Cubans stuck for hours in lines to buy basic goods like eggs, chicken, oil, and soap are sharing photos of their ordeal under the hashtag #LaColaChallenge, or “The Line Challenge.” The challenge is a tongue-in-cheek way to approach a crisis so pervasive that reports surfaced Thursday of mothers “renting” their children to ensure families have enough to eat.
The communist Castro regime announced new measures last week to ration basic food items in the face of growing economic shortages triggered by the collapse of the Venezuelan economy. Since the rise of late socialist dictator Hugo Chávez, Cuba has heavily relied on Venezuela for oil and profits. Cuba pays Venezuela by sending thousands of doctors, soldiers, and intelligence officials to help bribe and repress the people into submission.
The regime has blamed President Donald Trump for the shortages and claimed that the Cuban people support their limited access to food.
The #LaColaChallenge hashtag appears to prove differently. The originators of the hashtag, Norges Rodríguez and Taylor Emilio López, posted an image of themselves on April 26 successfully buying two liters of cooking oil, a feat that has become significantly more difficult since the May 10 restrictions.
“Oil has arrived in [Old Havana] and we were the first buyers. They sell two liters a person,” Rodríguez wrote.
“Take a selfie on a line in Cuba and join #LaColaChallenge,” he tweeted, adding “we [are not continuity],” using a hashtag that translates to “we are continuity” popularized by the regime following the ascent of Miguel Díaz-Canel to the second most powerful position in the country, president. The hashtag is intended to imply that the Díaz-Canel government is a continuation of the repressive Castro regime, dispelling hope that the new president would move Cuba closer to a free capitalist system.
Llegó el aceite a La #HabanaVieja y fuimos los primeros compradores. Venden dos litros por persona… 🙄
— Norges Rodriguez (@norges14) April 26, 2019
The couple run the independent website YucaByte, which the site describes as “a Cuban communications project focused on Information and Communication Technologies and their impact on society.” Their social media presence regularly criticizes the communist regime and both participated in Havana’s “illegal” LGBT pride parade last week that ended when plain-clothes communist repressions violently assaulted and hauled away several of the leaders of the march. The regime has since scheduled a communist LGBT event to overshadow last week’s march – the largest unauthorized assembly in Cuba in decades – in Camagüey, hundreds of miles from the capital.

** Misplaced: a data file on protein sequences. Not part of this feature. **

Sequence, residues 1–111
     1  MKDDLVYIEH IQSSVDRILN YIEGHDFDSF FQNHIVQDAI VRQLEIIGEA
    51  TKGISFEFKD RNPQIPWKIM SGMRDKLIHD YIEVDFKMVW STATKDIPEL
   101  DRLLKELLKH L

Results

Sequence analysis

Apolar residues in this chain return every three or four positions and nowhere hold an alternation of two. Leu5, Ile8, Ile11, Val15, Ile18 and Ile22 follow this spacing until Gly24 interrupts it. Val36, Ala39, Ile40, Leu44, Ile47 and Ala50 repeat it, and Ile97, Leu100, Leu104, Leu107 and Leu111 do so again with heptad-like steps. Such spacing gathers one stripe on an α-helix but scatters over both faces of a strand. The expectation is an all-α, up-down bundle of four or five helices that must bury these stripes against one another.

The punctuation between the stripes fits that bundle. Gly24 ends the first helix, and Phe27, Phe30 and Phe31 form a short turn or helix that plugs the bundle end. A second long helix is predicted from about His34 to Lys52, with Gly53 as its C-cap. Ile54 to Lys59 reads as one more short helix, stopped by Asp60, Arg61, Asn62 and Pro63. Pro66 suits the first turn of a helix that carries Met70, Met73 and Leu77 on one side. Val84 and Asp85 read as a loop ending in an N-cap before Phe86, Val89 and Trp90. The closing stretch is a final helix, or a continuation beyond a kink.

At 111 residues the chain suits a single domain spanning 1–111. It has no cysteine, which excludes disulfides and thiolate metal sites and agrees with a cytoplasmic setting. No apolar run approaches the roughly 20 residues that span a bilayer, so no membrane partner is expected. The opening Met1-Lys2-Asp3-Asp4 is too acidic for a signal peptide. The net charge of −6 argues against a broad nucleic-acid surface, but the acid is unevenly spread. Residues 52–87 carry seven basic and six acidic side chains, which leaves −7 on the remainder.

The hashtag took off as Cubans with smartphones began uploading photos of the extensive lines they endured onto social media, particularly Twitter.
— Yoani Sánchez 🇺 (@yoanisanchez) May 10, 2019
— Cubanet (@CubanetNoticias) May 11, 2019
Even some apparent supporters of the regime posted photos of the lines to claim that they were not so bad and that their local store had a larger stock of products than anticipated.
#LaColaChallenge hay pollo (entero) frente a la Isla de Coco en 5ta Avenida. Hay poca cola, la tomé ahora mismo. #Cubq #YoamoCubq #SomosContinuidad #SomosCuba #HelmsBurton #PutoTrump #AbajoElBloqueo #HandsOffCuba #LaHabana pic.twitter.com/enxY7Up2oQ
— Alicia Yop (@AliciaYop) May 16, 2019
“The idea came about while I was waiting on line with my partner,” Rodríguez told Miami’s Nuevo Herald last week. “We were waiting to buy oil … it had been a few days since we saw it anywhere. Before that line we had waited on a line to buy chicken and on another line for six hours to buy a plane ticket.”
Food shortages began triggering protests late last year, when the government first ran out of wheat for bread and other baked goods. At the time, Díaz-Canel’s officials claimed that Cuba had run out of bread because several wheat mills nationwide had broken down and the government did not have the parts to repair them, adding that the alleged “embargo” against Cuba by the U.S. government was largely to blame.
By April, shortages had expanded to oil, eggs, and chicken, the only widely available meat in the country. Facing fears of a second “special period” – the phrase the communist regime uses for the poverty following the collapse of the Soviet Union in the 1990s – dictator Raúl Castro warned, “It is not going to be like the acute phase of the Special Period in the 1990s … but we have to always prepare for the worst case.”
Last week, the Cuban regime expanded its rationing and severely limited the legal amounts of foodstuffs each family could buy. Cuba’s interior commerce minister defended the policy on television on Wednesday, blaming “hoarders” for buying too much food and claiming that Cubans “consider these [rations] good and even insist on us continuing to ration products.”
Ayer un amigo me contaba cómo su madre se resbaló en una de estas filas en La Habana para comprar pollo y terminó con las piernas heridas. La situación económica de #Cuba se deteriora rápidamente. Más detalles: https://t.co/6ZwJxVkgaa (Video @alexotaola) pic.twitter.com/sVyMToBnOS
— Mario J. Pentón 🇺 (@mariojose_cuba) May 16, 2019
Videos of chaos outside of the few shops that can procure sufficient chicken to feed the large crowds appear to indicate otherwise, as do reports of Cubans inventing new ways to avoid the ration limits. The latest trend, according to several Cuban interest news outlets, is for mothers of young children to “rent” their child to others, at the price of $1, so that others can claim twice the number of rations: one set of rations for them, and one for their false child.